Diesel cars offer a great mix of performance and economy; we offer the best of these high MPG performers.
Despite recent media coverage, thousands of motorists still choose diesel – and it’s not hard to see why. Diesel cars still provide better fuel economy than their petrol counterparts, even if fuel prices, road tax and company-car tax bills aren’t quite as favourable for diesel cars these days.
Clearly, if you’re a driver who covers more than 12,000-15,000 miles a year, then a diesel car could well be the best option. Many diesels can comfortably return more than 50mpg under the stricter WLTP testing, and emit less CO2 than petrol equivalents. High-mileage drivers will see savings at the pumps with a diesel car compared with a petrol.
However, the choice between petrol and diesel isn’t that clear-cut, and whether diesel is the right choice for you also depends on other factors. Concerns over local air pollution mean diesels may not be the best choice if you spend all your time in urban, stop-start traffic. But if you live in small towns or villages, or spend much of your time covering large distances outside of the city, they still have a vital role to play for drivers.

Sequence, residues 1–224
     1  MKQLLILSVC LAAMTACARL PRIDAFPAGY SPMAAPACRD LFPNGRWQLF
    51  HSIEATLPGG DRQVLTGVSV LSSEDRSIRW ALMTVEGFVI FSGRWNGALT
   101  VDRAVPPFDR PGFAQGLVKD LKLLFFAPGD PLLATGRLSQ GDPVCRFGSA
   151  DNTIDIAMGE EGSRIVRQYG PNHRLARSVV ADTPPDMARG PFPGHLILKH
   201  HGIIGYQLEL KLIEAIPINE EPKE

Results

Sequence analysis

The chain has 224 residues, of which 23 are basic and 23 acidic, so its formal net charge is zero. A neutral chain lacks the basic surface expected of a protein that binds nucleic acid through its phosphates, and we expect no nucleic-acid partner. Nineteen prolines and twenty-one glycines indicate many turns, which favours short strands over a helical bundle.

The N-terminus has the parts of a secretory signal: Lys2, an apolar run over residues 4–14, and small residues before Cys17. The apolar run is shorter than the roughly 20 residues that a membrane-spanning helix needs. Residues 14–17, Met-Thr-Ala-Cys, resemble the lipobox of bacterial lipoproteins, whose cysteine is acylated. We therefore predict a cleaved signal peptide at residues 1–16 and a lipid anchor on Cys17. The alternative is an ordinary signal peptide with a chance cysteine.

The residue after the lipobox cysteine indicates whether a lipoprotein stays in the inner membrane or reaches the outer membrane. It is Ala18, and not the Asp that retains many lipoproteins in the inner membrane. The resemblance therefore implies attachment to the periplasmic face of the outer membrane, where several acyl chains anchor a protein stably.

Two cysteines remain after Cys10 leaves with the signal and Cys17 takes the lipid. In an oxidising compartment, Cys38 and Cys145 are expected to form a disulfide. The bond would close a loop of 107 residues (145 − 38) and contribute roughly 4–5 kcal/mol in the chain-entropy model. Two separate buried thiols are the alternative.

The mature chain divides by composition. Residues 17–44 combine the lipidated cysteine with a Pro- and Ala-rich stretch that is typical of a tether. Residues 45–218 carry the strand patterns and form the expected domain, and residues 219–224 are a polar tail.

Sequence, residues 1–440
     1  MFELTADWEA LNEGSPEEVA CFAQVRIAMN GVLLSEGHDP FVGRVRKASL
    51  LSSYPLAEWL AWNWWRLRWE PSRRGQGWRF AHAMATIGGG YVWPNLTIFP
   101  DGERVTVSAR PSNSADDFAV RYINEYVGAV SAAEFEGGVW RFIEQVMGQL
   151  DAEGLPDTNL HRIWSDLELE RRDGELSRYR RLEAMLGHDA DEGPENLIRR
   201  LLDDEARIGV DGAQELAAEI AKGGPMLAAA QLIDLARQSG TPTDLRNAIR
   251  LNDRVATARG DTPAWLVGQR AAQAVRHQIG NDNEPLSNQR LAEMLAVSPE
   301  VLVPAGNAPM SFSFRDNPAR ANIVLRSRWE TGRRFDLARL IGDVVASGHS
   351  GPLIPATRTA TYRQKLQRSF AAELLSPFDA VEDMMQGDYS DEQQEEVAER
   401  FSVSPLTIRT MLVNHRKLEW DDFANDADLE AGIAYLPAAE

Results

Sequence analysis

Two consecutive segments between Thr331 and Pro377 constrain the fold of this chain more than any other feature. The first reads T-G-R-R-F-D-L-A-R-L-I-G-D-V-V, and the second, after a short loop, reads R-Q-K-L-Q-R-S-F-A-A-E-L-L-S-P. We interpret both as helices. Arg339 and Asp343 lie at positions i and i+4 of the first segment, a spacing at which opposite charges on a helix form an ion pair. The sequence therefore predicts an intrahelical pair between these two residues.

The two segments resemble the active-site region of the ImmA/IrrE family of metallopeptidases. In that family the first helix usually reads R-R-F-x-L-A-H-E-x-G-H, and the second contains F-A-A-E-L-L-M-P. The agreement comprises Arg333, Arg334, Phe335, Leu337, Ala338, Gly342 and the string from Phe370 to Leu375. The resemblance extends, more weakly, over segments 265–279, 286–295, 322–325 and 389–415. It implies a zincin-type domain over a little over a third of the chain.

The way diesel engines produce power means they’re often better suited to larger cars, not least because at a motorway cruise, they quickly fall into a relaxing, smooth gait. That’s not to say they’re unexciting to drive, though. Acceleration from 0-62mph isn’t always their strongest suit, but once you’re accelerating through the gears, particularly through corners or when overtaking, performance can be exceptional. Diesel is still the default engine choice for many large SUVs and heavy cars because it’s better suited to pulling heavy loads.
Increasingly, smaller cars are moving away from diesel engines because modern turbo petrols are perfectly economical enough for most buyers. In the last couple of years, the Ford Fiesta, SEAT Ibiza and Honda Civic have all dropped their diesel engines, and we’d expect more to follow suit